Daily digest 1

Some news of the day, in easy to swallow bites

A Supreme take on tolerance

One cool thing about retired justices of the Supreme Court is they tell us what they really think about things, like John Paul Stevens dropping his impartiality to talk about the community-center-with-a-mosque-near-ground-zero affair that we discussed back in August.

He said that a nation built by people who fled religious persecution “should understand why American Muslims should enjoy the freedom to build their places of worship wherever permitted by local zoning laws.”

(snip)

He called the [National Japanese American Memorial] “a powerful reminder of the fact that ignorance — that is to say, fear of the unknown — is the source of most invidious prejudice.”

Princess Leia inspires boy—to build hologram

Another cool thing—real holograms!

Worst thing about being president was name-calling?

Former President George W. Bush says the lowest point of his presidency was when Kanye West called him a racist over the government’s response to Hurricane Katrina.  Really?  It wasn’t September 11, or not catching bin Laden, or the economic crash with the bankruptcies, foreclosures, debt, and job losses?  It wasn’t lying to start a war that’s cost thousands of American lives and tens of thousands of Iraqi lives, or Abu Ghraib?  Not even the fact you couldn’t help ease the very real suffering of those victims of Katrina?  (And why do you care what Kanye West thinks?  Are you really so self-absorbed that you think that’s the worst thing that happened during those eight years?  Really?)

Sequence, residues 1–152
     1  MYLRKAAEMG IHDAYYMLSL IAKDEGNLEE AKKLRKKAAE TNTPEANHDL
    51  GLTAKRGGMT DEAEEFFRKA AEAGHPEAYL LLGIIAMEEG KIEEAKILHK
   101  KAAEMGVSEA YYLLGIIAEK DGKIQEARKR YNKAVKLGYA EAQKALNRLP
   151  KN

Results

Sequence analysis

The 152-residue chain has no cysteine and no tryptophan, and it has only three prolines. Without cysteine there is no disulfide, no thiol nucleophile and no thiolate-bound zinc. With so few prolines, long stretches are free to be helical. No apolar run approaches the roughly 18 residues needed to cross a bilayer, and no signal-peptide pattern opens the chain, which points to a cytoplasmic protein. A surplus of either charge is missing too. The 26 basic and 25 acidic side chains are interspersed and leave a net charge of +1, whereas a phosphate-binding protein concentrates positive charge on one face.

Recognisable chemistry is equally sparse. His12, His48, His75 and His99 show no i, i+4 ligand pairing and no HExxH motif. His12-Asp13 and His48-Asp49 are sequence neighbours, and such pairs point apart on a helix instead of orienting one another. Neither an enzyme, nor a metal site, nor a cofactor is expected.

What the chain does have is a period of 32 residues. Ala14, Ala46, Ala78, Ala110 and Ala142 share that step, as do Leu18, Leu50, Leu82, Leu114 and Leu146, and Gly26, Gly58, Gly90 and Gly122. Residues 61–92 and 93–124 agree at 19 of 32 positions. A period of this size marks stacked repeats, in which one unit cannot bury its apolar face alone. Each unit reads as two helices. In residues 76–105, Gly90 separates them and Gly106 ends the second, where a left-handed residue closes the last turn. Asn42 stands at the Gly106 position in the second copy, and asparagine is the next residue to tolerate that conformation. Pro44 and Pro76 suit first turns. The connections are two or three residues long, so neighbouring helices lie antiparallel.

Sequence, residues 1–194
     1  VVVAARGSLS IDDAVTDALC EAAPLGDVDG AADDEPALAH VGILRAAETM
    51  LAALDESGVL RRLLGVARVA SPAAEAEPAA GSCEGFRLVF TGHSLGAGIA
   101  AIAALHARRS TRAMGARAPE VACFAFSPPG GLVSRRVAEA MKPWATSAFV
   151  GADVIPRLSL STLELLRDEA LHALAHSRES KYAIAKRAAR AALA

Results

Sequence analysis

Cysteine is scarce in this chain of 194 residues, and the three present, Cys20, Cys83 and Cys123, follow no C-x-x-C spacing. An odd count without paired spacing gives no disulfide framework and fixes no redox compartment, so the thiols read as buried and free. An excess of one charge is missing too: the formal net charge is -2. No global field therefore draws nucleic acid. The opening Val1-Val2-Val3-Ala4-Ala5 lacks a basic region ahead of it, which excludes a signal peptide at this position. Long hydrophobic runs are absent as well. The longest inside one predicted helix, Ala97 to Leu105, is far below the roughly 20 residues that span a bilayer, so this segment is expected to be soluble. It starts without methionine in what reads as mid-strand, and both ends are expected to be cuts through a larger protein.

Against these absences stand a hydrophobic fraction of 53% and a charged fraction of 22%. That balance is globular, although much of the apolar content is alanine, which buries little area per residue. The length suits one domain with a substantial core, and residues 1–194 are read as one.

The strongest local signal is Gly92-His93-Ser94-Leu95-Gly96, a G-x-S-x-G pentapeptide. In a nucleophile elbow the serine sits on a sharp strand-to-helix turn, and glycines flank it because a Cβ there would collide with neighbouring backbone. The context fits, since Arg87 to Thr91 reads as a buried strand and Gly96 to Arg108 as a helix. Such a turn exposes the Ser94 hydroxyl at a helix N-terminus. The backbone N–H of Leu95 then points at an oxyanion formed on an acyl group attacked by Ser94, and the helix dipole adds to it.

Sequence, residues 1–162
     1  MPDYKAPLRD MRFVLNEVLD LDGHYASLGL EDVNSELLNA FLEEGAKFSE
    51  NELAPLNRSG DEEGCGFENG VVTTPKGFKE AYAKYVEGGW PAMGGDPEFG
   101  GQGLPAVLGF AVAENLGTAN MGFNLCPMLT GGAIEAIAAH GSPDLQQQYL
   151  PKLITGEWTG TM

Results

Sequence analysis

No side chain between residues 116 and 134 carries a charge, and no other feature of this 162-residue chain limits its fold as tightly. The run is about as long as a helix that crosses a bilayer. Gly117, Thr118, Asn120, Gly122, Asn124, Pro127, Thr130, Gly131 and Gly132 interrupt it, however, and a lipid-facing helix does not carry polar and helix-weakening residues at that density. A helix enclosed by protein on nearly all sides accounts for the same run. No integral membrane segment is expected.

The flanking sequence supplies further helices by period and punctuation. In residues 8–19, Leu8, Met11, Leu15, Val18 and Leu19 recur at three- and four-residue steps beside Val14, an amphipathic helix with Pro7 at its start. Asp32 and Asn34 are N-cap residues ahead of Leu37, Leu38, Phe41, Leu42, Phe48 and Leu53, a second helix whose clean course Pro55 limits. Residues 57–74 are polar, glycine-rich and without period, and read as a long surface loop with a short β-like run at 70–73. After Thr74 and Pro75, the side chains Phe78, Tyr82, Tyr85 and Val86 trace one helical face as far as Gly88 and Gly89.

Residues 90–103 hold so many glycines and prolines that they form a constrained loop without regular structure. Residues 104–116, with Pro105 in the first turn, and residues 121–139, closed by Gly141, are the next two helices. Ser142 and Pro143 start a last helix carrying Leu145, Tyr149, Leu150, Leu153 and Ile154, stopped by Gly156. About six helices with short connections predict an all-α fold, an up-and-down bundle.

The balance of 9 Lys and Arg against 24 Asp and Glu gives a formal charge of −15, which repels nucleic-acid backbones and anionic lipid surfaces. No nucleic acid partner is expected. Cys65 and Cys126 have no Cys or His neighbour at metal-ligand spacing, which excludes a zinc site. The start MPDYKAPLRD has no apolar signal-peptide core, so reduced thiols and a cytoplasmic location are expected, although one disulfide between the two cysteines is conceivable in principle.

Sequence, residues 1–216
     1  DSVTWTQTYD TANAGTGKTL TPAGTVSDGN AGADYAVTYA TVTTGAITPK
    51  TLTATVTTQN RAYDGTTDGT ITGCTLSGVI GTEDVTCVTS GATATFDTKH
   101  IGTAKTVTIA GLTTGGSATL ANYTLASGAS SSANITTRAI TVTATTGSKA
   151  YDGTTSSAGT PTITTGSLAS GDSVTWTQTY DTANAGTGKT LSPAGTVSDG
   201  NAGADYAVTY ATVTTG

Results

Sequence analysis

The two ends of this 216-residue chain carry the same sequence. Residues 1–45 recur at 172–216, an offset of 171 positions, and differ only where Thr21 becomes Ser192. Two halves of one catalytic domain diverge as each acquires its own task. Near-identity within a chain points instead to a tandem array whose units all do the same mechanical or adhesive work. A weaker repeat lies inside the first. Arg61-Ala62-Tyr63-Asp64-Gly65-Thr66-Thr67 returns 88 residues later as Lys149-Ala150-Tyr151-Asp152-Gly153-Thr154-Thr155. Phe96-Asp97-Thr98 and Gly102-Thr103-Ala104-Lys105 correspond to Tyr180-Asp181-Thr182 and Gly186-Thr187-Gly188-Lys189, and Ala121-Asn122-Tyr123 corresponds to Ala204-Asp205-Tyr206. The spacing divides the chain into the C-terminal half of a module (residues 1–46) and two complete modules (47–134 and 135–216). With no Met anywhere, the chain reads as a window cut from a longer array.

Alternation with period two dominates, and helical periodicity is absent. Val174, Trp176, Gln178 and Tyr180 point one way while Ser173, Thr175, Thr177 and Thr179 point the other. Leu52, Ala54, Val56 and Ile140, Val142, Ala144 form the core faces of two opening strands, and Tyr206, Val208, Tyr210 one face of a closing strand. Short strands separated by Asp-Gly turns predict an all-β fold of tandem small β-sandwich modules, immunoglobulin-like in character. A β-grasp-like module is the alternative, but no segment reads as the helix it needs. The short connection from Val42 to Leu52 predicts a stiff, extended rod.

A lot of that daily 200 mil is for Michelle’s hairdressers

You can say almost anything and be believed, if you’re careful who you speak to.  Citing only a report in one Indian newspaper, which cites only one unnamed source, the geniuses of the political right have been trumpeting their disgust about the “fact” that our government is going to spend $200 million a day on President Obama’s diplomatic trip to India, including sending 34 warships to sit security off the coast of Mumbai.  Yeah, more than the daily cost of the war in Afghanistan, or the full purchase price of the New Jersey Nets.  Talk about your willing suspension of disbelief…

We’ve also just learned that water is wet

No, really: they sequenced Ozzy Osbourne’s DNA and confirmed what had long been suspected: he’s a mutant.

Just the facts, ma’am

Wishing a thing to be true doesn’t make it true.  Despite what you hear about the president’s birthplace and religion.

We’ve talked about this before (here and here) but we need to keep pointing it out because it won’t go away all by itself: too many people today are willfully ignorant of verifiable truths that conflict with what they wish to be true (but isn’t).  I came across a wonderful column by Timothy Egan on this last week, important less for blaming perpetrators than for identifying why this hurts us:

It would be nice to dismiss the stupid things that Americans believe as harmless, the price of having such a large, messy democracy.

(snip)